Sharing the gospel with kids is a huge privilege!! It is also a heavy responsibility. Here are 7 tips for sharing the gospel with kids:
1. Back up what you say with Scripture
Kids need to know that you are telling them what the Bible says and not just what you think about the gospel. For every key point that you share with kids, back it up with Scripture. When you tell kids that God is holy, read from the Bible that God is holy. When you tell kids that we are sinners, read from the Bible where it says that all have sinned.
2. Use a Bible and have kids use their Bibles
This tip goes hand in hand with tip #1. Use a Bible when you share the gospel with kids. Hold it, open it, and read from it. The Bible is God’s Word and therefore wholly trustworthy and true. So use it! Encourage kids to use their own Bibles as well. It’s okay if different translations are used. Get the kids into their Bibles, checking that what you are saying is what the Bible says. Have Bibles available to give away to children who don’t have one.
3. Don’t get caught up in the numbers game
It can be too easy to get caught up in how many kids are being saved. Don’t let this distract you. Remember, God is the one who saves. God will do his work. Each child is special and there is cause for rejoicing for each one who chooses to follow Jesus. Celebrate each child saved and give God the glory!
4. Highlight the key points
There are some heavy theological truths in the gospel message. It can become too easy to get bogged down in explanations. Highlight the key point you want the kids to learn. This will help you not to get distracted. Teach one thing; even when sharing the gospel!
5. Kids, especially young ones, are literal
Be careful with the words and phrases you use when sharing the gospel with kids. Kids, especially young ones will take what you say literally. If you tell kids they can ask Jesus into their heart, the young ones will literally think Jesus is somehow entering their actual hearts. I remember a parent once telling me about her daughter who was about 3 or 4. She came in the room crying and very upset. Her mom asked her what happened and the daughter replied that she fell down on her chest. It didn’t seem that she was hurt too badly, so her Mom asked her why she was so upset. The girl replied, “I think I may have hurt Jesus!”
Older kids may not think so literally anymore, but such phrasing can distract them. They may lose focus and start thinking about how it might actually work to have Jesus come into their hearts.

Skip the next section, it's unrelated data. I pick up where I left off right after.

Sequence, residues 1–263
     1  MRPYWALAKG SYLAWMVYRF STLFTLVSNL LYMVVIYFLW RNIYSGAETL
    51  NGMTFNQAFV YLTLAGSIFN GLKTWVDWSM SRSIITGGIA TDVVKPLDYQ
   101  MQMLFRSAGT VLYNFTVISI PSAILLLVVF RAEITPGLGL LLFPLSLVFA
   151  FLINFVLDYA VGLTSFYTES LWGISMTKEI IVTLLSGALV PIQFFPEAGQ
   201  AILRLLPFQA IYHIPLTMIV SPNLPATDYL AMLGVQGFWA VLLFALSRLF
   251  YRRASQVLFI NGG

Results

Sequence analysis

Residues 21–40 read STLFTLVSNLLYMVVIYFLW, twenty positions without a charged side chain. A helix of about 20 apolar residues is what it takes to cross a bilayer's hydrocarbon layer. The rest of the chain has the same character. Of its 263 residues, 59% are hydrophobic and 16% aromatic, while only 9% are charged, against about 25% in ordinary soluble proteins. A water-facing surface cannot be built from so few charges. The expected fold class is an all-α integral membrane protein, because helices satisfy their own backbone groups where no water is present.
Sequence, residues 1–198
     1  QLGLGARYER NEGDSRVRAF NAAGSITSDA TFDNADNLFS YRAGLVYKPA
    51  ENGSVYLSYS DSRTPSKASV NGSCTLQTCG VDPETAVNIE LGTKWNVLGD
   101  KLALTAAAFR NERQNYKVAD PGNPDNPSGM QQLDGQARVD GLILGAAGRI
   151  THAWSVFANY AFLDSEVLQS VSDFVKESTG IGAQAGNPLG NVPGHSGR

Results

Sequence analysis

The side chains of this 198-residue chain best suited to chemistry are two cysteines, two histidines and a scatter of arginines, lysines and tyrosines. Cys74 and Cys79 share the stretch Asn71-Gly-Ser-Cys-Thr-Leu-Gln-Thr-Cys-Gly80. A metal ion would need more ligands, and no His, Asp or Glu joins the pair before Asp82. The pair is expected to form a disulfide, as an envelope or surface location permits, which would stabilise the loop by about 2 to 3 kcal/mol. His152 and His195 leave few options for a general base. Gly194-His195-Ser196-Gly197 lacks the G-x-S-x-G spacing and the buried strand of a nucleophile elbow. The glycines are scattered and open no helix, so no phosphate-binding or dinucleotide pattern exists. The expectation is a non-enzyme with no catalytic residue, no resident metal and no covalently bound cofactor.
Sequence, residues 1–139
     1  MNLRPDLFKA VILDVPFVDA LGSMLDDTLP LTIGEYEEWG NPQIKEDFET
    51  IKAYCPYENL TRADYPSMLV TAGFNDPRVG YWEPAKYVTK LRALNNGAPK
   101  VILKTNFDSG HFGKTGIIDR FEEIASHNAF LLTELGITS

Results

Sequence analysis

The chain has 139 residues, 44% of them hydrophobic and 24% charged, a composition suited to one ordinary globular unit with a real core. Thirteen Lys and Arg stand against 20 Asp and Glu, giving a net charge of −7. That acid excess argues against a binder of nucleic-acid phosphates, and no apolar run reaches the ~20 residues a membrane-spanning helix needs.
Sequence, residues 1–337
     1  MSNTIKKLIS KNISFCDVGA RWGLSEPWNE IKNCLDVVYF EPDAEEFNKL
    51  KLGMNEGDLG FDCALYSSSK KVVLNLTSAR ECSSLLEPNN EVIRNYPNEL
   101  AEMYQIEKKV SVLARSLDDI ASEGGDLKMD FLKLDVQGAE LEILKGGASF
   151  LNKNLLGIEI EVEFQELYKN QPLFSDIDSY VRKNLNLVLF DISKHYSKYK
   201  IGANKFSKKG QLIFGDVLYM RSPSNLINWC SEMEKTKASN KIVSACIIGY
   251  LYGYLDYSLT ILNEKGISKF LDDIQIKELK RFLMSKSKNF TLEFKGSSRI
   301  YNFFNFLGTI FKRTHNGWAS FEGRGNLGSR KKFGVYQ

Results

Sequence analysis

Use words and phrases that make sense to kids. Teach them Biblical words and theological words, but explain them well.
6. Give them time
Kids may need to hear the truth of the gospel many times before they are ready to give their lives to Jesus. That’s okay. As they grow they can better understand the truths of the gospel. Also, kids need time to realize that the gospel message is personal. Kids are in a stage of constant learning. The truth of the gospel is information for them to learn and absorb. It may take them some time to realize that our holy Creator-King loves them; that they have sinned and are in desperate need of saving; that Jesus came to save them; that by dying on the cross, He took the punishment for their sins.
Don’t rush kids. Give them time.
Pray before you present the gospel to kids. Pray that God would soften their hearts and prepare them to accept the truth of the gospel. Pray as you present the gospel. Pray that you would speak only truth and pray that the kids listening will accept it. Pray after you present the gospel. Pray that the truth of God’s Word would sink deep into the hearts of the children who heard it. Pray for true repentance. Pray for transformation. Pray for lives to be saved.
It’s a great privilege to share the gospel with kids. Don’t dumb it down for them. Give them the whole truth, explaining new or difficult concepts in ways that kids will understand.
I love this quote of Tedd & Margy Tripp from their book Instructing a Child’s Heart,
“We give our children big truths they will grow into rather than light explanations they will grow out of.”
Check out the other blogposts in this series!